2. The 2008 Inspection and Warnings

On September 9, 2008, Industry Operations Investigator (IOI) Adrienne Brown inspected Mr. Suydam's business for compliance with the requirements of the Gun Control Act (GCA) and related federal firearms regulations. DSMF ¶ 4; PRDSMF ¶ 4. During the inspection, IOI Brown asked to review Mr. Suydam's Acquisition and Disposition Records (A & D Book). DSMF ¶ 6; PRDSMF ¶ 6. Mr. Suydam produced an A & D Book for the period from 2002 to the date of the inspection but was unable to produce an A & D Book for the period from 1989 to 2002. DSMF ¶¶ 7–8; PRDSMF ¶¶ 7–8.

During the inspection, IOI Brown reviewed with Mr. Suydam the GCA's federal firearms regulations with which Mr. Suydam was required to comply. DSMF ¶ 9; PRDSMF ¶ 9. This review included the requirement that all federal firearms licensees maintain an A & D Book, pursuant to 27 C.F.R. § 478.125(e), and maintain their records for no less than twenty years, pursuant to 27 C.F.R. § 478.129. DSMF ¶¶ 11–12; PRDSMF ¶¶ 11–12. During this review, IOI Brown completed and Mr. Suydam signed an Acknowledgement of Federal Firearms Regulations checklist, listing each regulation IOI Brown and Mr. Suydam had reviewed. DSMF ¶ 10; PRDSMF ¶ 10.

Following the September 9, 2008 inspection, IOI Brown completed a Report of Violations (ROV), setting forth the violations of the federal firearms regulations she said she discovered by her inspection.2DSMF ¶ 13; PRDSMF ¶ 13. The ATF cited Mr. Suydam for two violations: 1) failure to record the acquisition of a firearm not later than 15 days after the date of importation or other acquisition, and 2) failure to retain an A & D Book from 1989 to 2002 for the disposition of firearms to federal firearms licensees. DSMF ¶¶ 14–15; PRDSMF ¶¶ 14–15. On September 22, 2008, IOI Brown returned and provided the ROV to Mr. Suydam; the two reviewed the violations and discussed the steps Mr. Suydam should take to ensure Mr. Suydam's future compliance. DSMF ¶ 16; PRDSMF ¶ 16. During this meeting, both IOI Brown and Mr. Suydam signed the ROV. DSMF ¶ 17; PRDSMF ¶ 17.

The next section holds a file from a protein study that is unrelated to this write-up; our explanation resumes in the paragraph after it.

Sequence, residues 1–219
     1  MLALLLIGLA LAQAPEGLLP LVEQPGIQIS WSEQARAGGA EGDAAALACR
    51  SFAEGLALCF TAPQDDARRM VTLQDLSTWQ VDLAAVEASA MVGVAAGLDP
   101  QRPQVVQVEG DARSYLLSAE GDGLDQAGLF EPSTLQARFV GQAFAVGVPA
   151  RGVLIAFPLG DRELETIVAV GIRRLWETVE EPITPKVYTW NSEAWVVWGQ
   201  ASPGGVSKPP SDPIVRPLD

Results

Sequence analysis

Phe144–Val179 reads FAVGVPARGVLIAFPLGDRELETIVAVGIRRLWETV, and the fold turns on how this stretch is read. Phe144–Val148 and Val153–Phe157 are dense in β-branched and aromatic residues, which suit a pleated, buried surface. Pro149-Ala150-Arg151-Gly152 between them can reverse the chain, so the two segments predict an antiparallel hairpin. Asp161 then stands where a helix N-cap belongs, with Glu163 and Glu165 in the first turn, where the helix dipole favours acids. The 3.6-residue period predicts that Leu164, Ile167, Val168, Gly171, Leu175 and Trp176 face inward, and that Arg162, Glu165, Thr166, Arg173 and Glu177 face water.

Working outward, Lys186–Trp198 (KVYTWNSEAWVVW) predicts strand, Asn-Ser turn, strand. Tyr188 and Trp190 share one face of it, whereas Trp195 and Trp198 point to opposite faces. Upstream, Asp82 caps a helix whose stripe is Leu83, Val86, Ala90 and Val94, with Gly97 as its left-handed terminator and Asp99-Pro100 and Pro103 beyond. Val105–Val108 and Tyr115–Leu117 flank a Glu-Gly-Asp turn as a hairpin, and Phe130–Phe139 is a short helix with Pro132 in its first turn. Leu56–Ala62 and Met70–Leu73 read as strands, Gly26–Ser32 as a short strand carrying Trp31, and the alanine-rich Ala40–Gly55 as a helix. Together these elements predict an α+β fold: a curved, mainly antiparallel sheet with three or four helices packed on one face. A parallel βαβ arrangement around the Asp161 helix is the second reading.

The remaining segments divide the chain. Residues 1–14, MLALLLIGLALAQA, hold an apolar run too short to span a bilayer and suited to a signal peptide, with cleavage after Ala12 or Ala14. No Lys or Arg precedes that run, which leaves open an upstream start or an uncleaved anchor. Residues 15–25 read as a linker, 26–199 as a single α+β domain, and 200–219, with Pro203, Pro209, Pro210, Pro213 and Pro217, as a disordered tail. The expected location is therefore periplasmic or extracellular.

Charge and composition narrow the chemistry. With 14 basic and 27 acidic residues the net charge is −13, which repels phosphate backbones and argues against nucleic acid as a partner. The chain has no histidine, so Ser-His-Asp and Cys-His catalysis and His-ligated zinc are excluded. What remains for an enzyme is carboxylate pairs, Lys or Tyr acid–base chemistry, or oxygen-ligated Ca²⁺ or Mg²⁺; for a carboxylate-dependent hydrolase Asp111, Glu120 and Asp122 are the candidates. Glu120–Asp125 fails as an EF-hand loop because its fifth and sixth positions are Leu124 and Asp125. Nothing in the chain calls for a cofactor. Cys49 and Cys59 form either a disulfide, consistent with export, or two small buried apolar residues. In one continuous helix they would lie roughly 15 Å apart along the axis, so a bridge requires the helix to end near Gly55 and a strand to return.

On February 5, 2009, IOI Brown and Chris S. Turett, Area Supervisor, Boston Area Office, ATF, held a warning conference with Mr. Suydam. DSMF ¶ 18; PRDSMF ¶ 18. Supervisor Turett and IOI Brown discussed with Mr. Suydam his violations, as set forth in the ROV, and the importance of complying with federal firearms regulations, especially the importance of maintaining an A & D Book and having it available for review by the ATF. DSMF ¶ 19; PRDSMF ¶ 19. At the conference, Mr. Suydam stated that he understood the regulations requiring proper maintenance of an A & D Book and the importance of compliance with these regulations. DSMF ¶ 20; PRDSMF ¶ 20. The next day, on February 6, 2009, Supervisor Turett sent a follow-up letter to Mr. Suydam via certified mail, which Mr. Suydam received and signed for. DSMF ¶ 21; PRDSMF ¶ 21. The letter set forth the ATF's understanding of the discussions at the warning conference. DSMF ¶ 22; PRDSMF ¶ 22. The letter also reminded Mr. Suydam that “future violations, repeat or otherwise, could be viewed as willful and may result in the revocation of [his] license” and that he could “anticipate further inspections to ensure [his] compliance.” DSMF ¶¶ 23–24; PRDSMF ¶¶ 23–24.